Facebook update makes sidebar ads look more ‘native’

Yesterday, Twitter announced a change that will make their profile pages look more like Facebook. Today, Facebook comes right back with a design change of their own that has been a long time coming. No, they’re not going to start showing all your Page posts to your followers – wouldn’t that be nice? They are going to update that outdated sidebar with ads that mimic the look of a Facebook post.

Way to go native-ish, Facebook.

Facebook updated ads

The new ad will be the same size and proportion as a desktop newsfeed ad. If you’re running both types of ads, that means you can use the same creative and that means you save time.

But the ease of use isn’t going to help most marketers. What is going to help marketers is the bold statement these new ad formats make.

Announcing Marketing Pilgrim’s social media & reputation management training program

Online Reputation Management TrainingEver felt like you need to brush up on your online reputation management skills? Do you have gaps in your social media marketing training?

Well, today I am launching a new exclusive training course that includes expert advice from Avinash Kaushik, Jennifer Cario, Greg Jarboe, Jeff Hasen, and myself. The new course is a join effort with the leaders in online marketing training, Market Motive and includes:

  • Video lessons and resources are all online and available 24×7.
  • 7 hours of training videos from a respected faculty
  • A curriculum organized into 8 structured modules.
  • 6 downloadable workbooks. Exercises. Progress quizzes.

In addition, if you sign up now, you’ll get access to an exclusive live webinar on April 29th: “Master Your Online Reputation Management In Just 60 Minutes.”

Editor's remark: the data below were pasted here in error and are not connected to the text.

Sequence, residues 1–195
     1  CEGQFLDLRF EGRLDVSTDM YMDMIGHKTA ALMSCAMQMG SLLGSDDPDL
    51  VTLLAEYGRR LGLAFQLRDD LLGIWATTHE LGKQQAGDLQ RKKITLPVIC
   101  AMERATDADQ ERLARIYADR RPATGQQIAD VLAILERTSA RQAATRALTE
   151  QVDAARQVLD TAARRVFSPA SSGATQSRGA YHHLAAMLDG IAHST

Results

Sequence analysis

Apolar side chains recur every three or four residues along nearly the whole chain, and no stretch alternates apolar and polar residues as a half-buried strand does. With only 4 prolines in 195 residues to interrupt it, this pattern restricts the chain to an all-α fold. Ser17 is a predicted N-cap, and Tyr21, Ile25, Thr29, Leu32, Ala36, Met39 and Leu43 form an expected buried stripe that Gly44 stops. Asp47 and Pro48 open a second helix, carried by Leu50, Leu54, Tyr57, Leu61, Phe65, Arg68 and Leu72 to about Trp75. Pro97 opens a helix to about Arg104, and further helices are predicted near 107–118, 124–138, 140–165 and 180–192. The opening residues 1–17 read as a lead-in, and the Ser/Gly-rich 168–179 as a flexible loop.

Channel Sponsors

The Digital Advertising Alliance releases new guidelines for mobile icon use

Digital Ad IconIf you’re collecting data through any kind of mobile advertising, The Digital Advertising Alliance (DAA) would like you to abide by a set of new rules. Okay, not new exactly – more like tightened up rules for the sake of consistency.

The newly released “Ad Marker Implementation Guidelines for Mobile” explains exactly when and where you should use the symbol you see here.

The Ad Marker Guidelines define minimum dimensions for the icon on mobile screens, as well as establishing dimensions for the touch area that should activate the icon. When users touch the icon on a mobile screen, the Guidelines also set forth what information and options may be displayed. This practical guidance, formed with input from a wide variety of companies and organizations, was created to present a consistent privacy experience to consumers.

Hmm. . .the new Twitter profile pages look awfully familiar. . . .

Twitter says new profile pages are coming very soon and I have this weird sense of deja vu. Didn’t we already have this discussion a few months ago? Or maybe it’s the new design itself that is familiar. Have a look:

New Twitter Profiles